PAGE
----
The future is unfolding

Health plans historically have functioned as administrative middlemen that focused on “communicating their value through accurate eligibility, plan administration, claims processing, settlement and customer service.”1 Now, CEOs see themselves “under constant threat of disintermediation”2 by new entrants, other plans, provider-payer collaborations or providers taking direct risk.

The new health economy, rise of personalization and technology disruption are all challenging the effectiveness of traditional health plan business models. Payers must reinvent themselves to survive in this complex new environment. But how? Based on Accenture’s CEO research, four dominant strategies are emerging to redefine health plan business models.

1 Accenture 2016 Payer CEO Survey

2 Ibid.

Four business models show options

CEOs are exploring four distinct business models that provide strategic direction amid a rapidly changing health plan environment.

Master the core

Leaner operations that leverage efficient processes across the value chain maximize cost performance. Health plans doing so are using sophisticated market and consumer data to understand their customers better, create differentiated products and engage the market in new ways. They are applying new technology to improve processes and reduce costs. Lower cost and greater plan relevance improve value-to-premium ratios and membership growth.

Provider integrator

Health plans are exploring health system partnerships, gaining access to capital and driving systemic change. This path builds on the previous approach, but moves aggressively toward reconfiguring the payer business model and entity structure.

Payer collaborator

To diversify revenue and forge new markets, several CEOs are selling their core competencies as a service to other plans, thus becoming outsourcing service providers. Medicaid, ASO, ancillary products and core administration are examples of solutions being offered to other plans.

Payer as business platform

Platform business models connect new products, services and engagement models to end users while collecting and sharing end user data with current and potential business partners to increase value.

Adapting to the new

Market-making CEOs indicated the need to combine different business models to design a winning enterprise strategy. Navigating this journey requires balancing market readiness with market agility using the appropriate set of capabilities.

A significant number of regional and niche plan CEOs Accenture surveyed discussed a transformation journey that begins by mastering the core, as it allows them to safely take risks while evolving. Now, plans are using continuous improvement and automation to master the core and spend less time on complex administrative processes—but is that enough?

Regional plans are aggressively trying to become closely aligned to their providers, as they have local market density and focused M&A that can accelerate capability development. GuideWell has created an innovation center in Lake Nona, a “medical city” designed for health startups. By innovating and creating living services locally, GuideWell is able to strengthen its competitive position in retiree state Florida, and it’s able to better serve the region’s growing over 65 population.3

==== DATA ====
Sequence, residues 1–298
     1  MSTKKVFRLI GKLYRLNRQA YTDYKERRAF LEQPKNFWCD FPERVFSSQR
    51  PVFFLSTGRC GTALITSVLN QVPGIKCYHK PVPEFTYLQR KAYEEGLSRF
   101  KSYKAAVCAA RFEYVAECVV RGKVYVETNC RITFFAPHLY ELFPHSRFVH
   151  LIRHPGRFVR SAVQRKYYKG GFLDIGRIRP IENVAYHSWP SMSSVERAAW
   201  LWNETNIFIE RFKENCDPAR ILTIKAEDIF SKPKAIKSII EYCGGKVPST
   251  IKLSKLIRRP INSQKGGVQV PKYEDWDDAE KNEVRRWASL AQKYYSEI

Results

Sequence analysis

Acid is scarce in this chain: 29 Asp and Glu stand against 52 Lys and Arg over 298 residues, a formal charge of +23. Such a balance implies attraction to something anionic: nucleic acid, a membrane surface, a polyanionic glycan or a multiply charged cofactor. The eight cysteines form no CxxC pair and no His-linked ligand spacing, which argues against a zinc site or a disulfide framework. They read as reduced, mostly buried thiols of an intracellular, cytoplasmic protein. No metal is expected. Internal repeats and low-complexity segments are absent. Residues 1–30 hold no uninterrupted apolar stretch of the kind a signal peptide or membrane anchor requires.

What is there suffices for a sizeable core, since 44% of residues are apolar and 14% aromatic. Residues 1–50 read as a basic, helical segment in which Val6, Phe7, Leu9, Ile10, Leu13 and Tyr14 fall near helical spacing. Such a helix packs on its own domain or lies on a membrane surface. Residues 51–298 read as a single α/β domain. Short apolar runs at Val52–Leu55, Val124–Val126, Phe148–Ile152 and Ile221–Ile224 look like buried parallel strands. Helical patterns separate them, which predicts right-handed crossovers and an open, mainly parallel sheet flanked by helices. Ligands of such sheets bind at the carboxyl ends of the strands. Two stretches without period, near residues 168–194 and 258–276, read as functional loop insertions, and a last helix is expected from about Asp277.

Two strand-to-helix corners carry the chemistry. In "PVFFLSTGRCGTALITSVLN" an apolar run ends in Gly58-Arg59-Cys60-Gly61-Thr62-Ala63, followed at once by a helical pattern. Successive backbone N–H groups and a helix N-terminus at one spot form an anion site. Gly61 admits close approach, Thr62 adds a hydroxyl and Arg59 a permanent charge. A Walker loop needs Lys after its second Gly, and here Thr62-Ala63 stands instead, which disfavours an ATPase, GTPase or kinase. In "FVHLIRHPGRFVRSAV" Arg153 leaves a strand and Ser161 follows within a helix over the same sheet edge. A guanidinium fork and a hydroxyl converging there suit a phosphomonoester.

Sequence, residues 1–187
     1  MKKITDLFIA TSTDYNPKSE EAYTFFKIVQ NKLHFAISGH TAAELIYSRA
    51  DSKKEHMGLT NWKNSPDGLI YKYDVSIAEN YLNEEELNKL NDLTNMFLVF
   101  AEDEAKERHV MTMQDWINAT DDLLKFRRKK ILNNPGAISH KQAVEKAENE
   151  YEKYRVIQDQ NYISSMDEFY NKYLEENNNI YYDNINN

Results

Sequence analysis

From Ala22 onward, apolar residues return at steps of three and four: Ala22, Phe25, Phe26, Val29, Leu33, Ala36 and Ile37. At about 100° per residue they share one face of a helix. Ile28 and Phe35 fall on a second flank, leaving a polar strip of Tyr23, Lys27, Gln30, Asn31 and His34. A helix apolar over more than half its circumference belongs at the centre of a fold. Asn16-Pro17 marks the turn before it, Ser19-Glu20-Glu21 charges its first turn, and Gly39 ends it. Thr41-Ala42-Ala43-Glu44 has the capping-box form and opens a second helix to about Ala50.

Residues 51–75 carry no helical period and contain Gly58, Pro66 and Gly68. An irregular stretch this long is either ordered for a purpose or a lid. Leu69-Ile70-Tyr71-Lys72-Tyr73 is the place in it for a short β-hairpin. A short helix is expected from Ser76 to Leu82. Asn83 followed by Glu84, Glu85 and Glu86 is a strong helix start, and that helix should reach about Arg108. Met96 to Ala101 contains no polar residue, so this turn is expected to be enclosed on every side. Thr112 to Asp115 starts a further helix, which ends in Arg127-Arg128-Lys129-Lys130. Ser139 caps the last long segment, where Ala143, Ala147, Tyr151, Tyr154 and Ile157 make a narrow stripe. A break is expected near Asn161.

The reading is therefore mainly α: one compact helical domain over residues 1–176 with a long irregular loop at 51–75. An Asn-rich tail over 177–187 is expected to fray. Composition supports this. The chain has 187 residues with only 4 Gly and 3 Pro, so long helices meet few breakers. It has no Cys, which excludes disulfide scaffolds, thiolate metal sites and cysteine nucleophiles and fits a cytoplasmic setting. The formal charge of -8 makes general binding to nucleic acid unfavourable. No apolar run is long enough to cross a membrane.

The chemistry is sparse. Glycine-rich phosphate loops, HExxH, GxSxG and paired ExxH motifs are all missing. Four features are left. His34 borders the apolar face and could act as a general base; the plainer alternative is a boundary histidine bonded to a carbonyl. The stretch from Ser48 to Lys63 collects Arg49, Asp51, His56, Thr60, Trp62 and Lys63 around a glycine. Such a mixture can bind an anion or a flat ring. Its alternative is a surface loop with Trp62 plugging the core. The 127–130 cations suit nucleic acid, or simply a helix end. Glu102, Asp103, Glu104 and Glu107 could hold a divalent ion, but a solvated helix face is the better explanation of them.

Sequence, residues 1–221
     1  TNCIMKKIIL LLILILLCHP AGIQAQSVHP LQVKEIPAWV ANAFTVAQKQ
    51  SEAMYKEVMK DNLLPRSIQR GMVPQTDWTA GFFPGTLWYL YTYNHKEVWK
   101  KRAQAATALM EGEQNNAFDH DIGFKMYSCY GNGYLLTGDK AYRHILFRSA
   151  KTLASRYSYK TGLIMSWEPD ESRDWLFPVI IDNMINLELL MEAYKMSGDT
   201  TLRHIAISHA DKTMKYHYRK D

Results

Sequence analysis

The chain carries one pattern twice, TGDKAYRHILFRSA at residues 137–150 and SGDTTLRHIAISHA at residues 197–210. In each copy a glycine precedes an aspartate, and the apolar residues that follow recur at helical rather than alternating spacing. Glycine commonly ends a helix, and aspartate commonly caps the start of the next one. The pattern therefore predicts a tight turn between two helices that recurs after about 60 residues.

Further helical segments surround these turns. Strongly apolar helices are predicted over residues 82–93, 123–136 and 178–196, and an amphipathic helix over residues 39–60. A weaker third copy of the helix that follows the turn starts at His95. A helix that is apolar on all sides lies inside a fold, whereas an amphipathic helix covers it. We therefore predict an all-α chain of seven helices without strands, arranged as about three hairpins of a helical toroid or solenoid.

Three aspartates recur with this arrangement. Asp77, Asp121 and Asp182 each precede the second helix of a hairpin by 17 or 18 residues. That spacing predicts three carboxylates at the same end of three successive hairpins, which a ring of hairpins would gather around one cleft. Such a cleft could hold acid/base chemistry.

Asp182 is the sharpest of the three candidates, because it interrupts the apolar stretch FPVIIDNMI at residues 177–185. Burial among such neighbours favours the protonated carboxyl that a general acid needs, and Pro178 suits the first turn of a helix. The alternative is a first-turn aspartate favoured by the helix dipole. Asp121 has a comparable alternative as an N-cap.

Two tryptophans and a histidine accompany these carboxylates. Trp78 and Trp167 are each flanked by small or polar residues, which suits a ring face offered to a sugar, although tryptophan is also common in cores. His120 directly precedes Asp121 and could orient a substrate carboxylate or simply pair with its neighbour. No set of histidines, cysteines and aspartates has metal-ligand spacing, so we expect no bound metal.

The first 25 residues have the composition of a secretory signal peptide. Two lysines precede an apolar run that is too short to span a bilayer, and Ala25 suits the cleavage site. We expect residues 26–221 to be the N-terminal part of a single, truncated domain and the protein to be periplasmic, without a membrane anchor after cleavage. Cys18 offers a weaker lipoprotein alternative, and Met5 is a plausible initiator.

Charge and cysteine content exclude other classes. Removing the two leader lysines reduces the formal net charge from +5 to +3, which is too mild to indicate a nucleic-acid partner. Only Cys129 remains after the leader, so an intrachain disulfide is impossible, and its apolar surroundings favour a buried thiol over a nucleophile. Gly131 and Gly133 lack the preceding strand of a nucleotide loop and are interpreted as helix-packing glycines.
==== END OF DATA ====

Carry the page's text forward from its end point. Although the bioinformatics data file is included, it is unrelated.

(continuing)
3 “For health start-ups, a new innovation space opens in Lake Nona;” Orlando Sentinel; December 7, 2017

Making moves

Accenture’s 2016 Payer CEO Survey indicates a shift in the dominant strategies health plans use to create value. The majority of health plans have streamlined their core value chain for decades through a relentless focus on cost. While cost has historically been the greatest concern for a payer, the changing market has now put extra focus on outcomes, quality and keeping the patient at the center of the healthcare universe. Accenture expects a greater number of CEOs will shift their business models to achieve these goals.

Health plans can combat disruption and put themselves in a stronger competitive position by choosing the right business model(s). Research, analysis and leadership engagement should inform these critical choices. Selecting a new path is hard and fraught with uncertainty. Making such bold moves will call for breaking old paradigms—changes that affect the health plan’s people, structure, governance, rewards and culture. However, in the end, the right strategy can create value for all constituents.

Master the core

Focuses on eliminating unnecessary costs within its value chain and migrating to customer segmentation models with aligned products and services.

Provider integrator

Embraces transfer of risk to providers through innovative product, network and pricing schemas with shared financial gain and future healthcare vision.

Payer collaborator

Drives business model disruption within peers and own system and alternative product partnerships, both in- and outsourced.

Payer as business platform

Leverages installed membership base and IT investments to create growth platform capable of a myriad of non-traditional consumer-oriented solutions.

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Kazim Zaidi

Managing Director – Accenture Strategy, Health, North America


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